Ren Aldridge (vocals/guitar): Now you’re an outrageously techy bassist who gets messages from people saying “oh my god, you’re so good on bass.” I started playing classical guitar when I was really young. I always wanted to play electric guitar but my parents were always like “first you need to learn how to play classical guitar.” So I did classical guitar lessons which were really, really boring. I got to grade four and it took me about ten years because I found it so boring. I played in a metal band for a long time when I was a kid. I started playing bass in that band and then the boys decided after two band practices with me, “I was never going to be any good on bass,” so I got moved to vocals. When that stopped I started doing backing vocals for different bands and through doing that I saw women playing acoustic music and thought I’ll have a crack at acoustic music, did that for years. I did a tour with Perkie and Katie Rain all with our acoustic stuff because I wanted to tour with other women and then we formed a band out of that and that was really fun and gave me the confidence to start Petrol Girls. I started the band with Liepa and another girl and we had an International Women’s Day show coming up and I had these songs that were too heavy for my other band. I realised that I do really like playing acoustic and I do like singing harmonies but I really love shouting.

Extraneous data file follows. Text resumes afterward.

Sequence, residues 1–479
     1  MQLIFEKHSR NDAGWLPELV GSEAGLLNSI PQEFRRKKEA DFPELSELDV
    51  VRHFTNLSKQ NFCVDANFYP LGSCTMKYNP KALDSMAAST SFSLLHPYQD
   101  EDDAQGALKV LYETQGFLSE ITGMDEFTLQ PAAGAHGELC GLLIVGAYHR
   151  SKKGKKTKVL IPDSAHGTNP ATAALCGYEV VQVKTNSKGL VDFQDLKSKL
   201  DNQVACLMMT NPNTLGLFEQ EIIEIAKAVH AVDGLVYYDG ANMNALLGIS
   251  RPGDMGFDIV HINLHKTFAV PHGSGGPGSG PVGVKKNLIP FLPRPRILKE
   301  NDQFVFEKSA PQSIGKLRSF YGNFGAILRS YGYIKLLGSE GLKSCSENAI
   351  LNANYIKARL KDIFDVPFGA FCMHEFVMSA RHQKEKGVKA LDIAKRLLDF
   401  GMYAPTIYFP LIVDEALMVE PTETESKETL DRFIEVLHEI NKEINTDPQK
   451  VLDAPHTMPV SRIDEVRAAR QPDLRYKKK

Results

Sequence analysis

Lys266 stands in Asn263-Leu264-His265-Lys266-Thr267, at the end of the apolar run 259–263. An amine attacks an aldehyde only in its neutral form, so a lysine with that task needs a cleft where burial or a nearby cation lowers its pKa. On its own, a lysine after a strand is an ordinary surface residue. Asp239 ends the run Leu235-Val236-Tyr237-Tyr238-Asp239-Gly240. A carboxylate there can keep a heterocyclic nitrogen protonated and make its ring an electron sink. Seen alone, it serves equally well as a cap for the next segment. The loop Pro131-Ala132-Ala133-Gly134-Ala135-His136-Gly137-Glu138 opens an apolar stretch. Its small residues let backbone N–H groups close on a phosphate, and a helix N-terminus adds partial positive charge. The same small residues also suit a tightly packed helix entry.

Do you guys have any opinions as to why there is a lack of women in music?

Liepa: I feel like socialisation is an issue. It’s not like anyone’s openly preventing people from playing an instrument but I feel like sometimes if you’re not already good there’s less incentive to be a complete mess and try. All of the guys are always like “let’s start a band” but I think if you’re a girl you’re less likely to be invited to those kings of projects. It’s a mixture of cultural and patriarchal reasons, I guess.

Ren: The first couple of bands I was in, was definitely because the guys fancied me and that was it. There’s the other thing of, for years, I felt like I had this burden of I had to be really good because I was representing all of the girls. That’s just bullshit, you’re only representing yourself. You don’t have to “do it for the girls” every time. You don’t have the burden of your entire gender on your back. I still feel like that every time I approach a guitar amp to be honest. I think it’s just because of years and years of feeling so judged in really male dominated situations.

Liepa: If you don’t actually see many women on stage at these heavy shows, it’s kind of subconscious that you start being slightly wary of the whole scene.

Ren: That being said, there are shitloads more women doing it now. I think there’s been a proper explosion over the past three or four years, especially in London. I don’t know if it’s just our community that we’re part of or if it’s a more UK and Europe-wide thing. I feel like there used to be loads of shows where I was the only girl or I used to go to shows and I was the only girl and now that’s so rare.